FPT Guy is a writer, the owner and managing editor of Financial Planning Tips – attempting to liven up the topic of personal financial planning – while helping to guide folks to financial security and freedom.
The collapse of the housing bubble wasn’t an end to questionable lending tactics. In fact some of the problems are still rampant and very much a problem for the majority of home owners. Do yourself a favor by learning about the problems that affect current home owners before jumping onto the bandwagon.
1. Reverse Mortgages Can Be Risky Propositions
Reverse mortgages are available to people aged 62 or older. It is a special kind of mortgage that taps into a home owner’s equity to allow him to live mortgage-free or even free of an equity line of credit. Unfortunately, lenders aren’t legally able to take into consideration the home owner’s ability to pay property taxes and home insurance. What does this mean for you or someone you know who has a reverse mortgage? Well, the inability to pay these fees can lead to the loss of the house anyway from a tax sale or property damage due to fire or weather.
2. Bank of America Mortgages – Watch Out
Forbes describes Countrywide as Bank of America’s “worst acquisition ever made” with good reason. Not only did Bank of America acquire too many mortgages (i.e lending too many stated income mortgages), now they’re apparently providing poor customer service and confusing letters to home owners. BoA is in the middle of multiple lawsuits due to questionable practices. For example, some people received foreclosure notices even though they made proper payment arrangements. It’s kind of difficult to erase debt on your mortgage when your bank sends you into foreclosure for no reason.
3. Some Mortgages Branches Can Operate Independently
Sometimes mortgage branches, and I’m talking about the individual offices that make up a large company, operate more independently of one another. This might seem like no big deal, but it can invalidate any good things you’ve heard in the grape vine about a mortgage company. Those compliments may have been for another branch of the same company. Your own branch might have shoddy customer service and no empathy for common mortgage problems.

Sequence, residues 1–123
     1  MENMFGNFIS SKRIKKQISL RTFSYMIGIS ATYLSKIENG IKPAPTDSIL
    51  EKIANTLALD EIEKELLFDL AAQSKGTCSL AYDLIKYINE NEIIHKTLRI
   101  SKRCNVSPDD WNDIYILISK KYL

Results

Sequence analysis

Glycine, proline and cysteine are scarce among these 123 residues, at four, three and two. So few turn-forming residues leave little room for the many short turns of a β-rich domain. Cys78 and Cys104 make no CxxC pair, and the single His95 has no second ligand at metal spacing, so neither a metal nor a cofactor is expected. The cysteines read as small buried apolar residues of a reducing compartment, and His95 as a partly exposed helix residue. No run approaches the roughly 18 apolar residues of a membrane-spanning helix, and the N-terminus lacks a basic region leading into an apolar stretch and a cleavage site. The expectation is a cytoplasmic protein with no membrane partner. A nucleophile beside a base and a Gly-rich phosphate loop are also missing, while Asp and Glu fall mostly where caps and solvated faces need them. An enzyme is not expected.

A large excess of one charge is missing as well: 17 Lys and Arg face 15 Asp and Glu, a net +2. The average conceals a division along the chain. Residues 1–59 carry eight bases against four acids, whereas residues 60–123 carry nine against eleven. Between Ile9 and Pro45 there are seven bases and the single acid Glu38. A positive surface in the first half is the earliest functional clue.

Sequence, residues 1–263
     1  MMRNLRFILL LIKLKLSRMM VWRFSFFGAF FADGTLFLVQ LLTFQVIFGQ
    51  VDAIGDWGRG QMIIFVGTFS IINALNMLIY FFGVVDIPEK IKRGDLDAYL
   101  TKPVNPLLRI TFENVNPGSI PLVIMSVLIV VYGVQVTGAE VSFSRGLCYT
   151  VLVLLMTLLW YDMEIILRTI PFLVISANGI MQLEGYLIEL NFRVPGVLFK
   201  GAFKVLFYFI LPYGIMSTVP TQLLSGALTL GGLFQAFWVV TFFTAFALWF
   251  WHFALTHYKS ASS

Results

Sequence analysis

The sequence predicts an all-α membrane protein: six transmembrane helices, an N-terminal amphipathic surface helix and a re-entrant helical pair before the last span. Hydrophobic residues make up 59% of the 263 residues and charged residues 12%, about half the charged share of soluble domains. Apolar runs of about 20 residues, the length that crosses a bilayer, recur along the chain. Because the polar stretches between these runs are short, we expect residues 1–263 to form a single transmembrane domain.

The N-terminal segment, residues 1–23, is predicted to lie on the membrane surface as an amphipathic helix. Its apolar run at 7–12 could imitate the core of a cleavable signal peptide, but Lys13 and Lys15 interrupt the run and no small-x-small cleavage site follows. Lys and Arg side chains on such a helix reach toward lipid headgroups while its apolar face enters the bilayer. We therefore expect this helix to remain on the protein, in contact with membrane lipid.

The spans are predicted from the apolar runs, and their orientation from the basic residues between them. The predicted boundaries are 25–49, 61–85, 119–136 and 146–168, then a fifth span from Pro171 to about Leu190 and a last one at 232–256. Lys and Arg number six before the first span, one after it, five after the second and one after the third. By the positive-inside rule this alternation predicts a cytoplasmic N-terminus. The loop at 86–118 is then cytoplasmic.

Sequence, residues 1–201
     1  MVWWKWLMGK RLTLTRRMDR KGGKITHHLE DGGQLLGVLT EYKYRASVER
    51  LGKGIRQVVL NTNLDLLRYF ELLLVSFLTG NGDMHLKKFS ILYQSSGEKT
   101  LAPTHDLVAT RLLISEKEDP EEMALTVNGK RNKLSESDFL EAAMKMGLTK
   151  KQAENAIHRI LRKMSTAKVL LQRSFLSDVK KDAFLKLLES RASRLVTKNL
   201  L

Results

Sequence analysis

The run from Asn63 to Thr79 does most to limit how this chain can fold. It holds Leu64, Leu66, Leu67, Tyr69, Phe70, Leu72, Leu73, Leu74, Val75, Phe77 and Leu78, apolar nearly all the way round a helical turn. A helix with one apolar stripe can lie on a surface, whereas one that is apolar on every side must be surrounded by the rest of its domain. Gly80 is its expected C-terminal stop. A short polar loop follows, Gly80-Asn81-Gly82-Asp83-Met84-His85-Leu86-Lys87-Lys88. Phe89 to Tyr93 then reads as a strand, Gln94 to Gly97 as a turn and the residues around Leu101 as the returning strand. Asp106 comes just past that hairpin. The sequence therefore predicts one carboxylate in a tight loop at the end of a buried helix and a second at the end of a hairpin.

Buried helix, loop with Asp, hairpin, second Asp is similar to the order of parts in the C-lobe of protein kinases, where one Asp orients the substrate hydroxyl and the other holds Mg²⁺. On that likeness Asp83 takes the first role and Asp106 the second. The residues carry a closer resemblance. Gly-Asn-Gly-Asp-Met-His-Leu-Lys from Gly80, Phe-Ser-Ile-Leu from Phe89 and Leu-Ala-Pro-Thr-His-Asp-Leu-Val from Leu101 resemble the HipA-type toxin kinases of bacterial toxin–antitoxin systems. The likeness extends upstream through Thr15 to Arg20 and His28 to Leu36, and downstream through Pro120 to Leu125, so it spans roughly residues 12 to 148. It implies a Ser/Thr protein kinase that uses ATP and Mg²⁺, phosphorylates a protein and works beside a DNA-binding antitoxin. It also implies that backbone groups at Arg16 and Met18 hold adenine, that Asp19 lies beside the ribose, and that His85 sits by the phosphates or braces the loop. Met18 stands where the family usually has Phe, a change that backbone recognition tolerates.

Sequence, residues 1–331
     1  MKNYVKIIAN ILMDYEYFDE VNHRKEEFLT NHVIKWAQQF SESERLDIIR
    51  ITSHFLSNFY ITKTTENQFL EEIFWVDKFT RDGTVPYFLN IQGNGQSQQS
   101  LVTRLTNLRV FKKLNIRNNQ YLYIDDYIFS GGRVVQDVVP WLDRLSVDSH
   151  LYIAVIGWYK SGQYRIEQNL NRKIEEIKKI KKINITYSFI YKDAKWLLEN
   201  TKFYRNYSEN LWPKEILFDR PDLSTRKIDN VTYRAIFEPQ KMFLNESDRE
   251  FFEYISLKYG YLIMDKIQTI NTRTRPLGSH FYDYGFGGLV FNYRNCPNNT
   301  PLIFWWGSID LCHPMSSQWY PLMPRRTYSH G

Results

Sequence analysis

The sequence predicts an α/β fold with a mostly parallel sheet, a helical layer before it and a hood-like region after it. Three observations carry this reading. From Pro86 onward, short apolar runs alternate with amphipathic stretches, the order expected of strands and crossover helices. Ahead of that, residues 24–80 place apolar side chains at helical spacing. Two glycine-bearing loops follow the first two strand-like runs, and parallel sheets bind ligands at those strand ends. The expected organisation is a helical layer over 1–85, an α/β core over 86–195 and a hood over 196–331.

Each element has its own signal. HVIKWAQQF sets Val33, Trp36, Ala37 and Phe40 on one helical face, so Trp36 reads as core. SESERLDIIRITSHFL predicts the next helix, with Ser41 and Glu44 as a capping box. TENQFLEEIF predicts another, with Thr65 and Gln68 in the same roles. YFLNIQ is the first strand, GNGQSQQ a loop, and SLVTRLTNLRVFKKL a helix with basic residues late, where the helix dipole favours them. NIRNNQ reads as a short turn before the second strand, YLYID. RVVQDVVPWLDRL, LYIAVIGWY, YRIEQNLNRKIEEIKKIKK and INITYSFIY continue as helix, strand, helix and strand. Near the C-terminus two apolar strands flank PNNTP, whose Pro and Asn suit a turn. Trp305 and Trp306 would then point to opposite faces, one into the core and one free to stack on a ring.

4. Robo-Signing is Rampant
The term robo-signing refers to a person signing an affidavit or other document without having read it, or signing another person’s signature to it. It is a new term for an old practice. Both of these acts are a federal crime, but robo-signing in the mortgage business remains a problem. Home owners are receiving letters with the same name signed in dozens of different ways. In addition, the information in those documents have been verified like they should have been.
Even worse, people who are known to have robo-signed hundreds of documents aren’t being punished. The problem is so wide-spread that it’s hard to point to select individuals. Some refinance mortgage companies have made promises to end robo-signing, but if they’re willing to commit a federal crime thousands of times, they might be willing to lie to save face too. There’s nothing to do about this except confirm the identify of whomever signs important mortgage documents you receive.
In conclusion, many things can go wrong after making a mortgage official. No one is immune from the mistakes, corruption or unfortunate but everyday practices of a mortgage company. It doesn’t take accountancy courses to know that you care more about your money than anyone else. It’s always a good idea to educate yourself in order to reduce your risk by studying the mortgage business’s ins-and-outs on your own.
Crystal’s Comments: I actually think that one of the reasons Chase offered us a no-cost refinance was to get fresh paperwork. I am sure that a lot got lost between the Washington Mutual to Chase transition…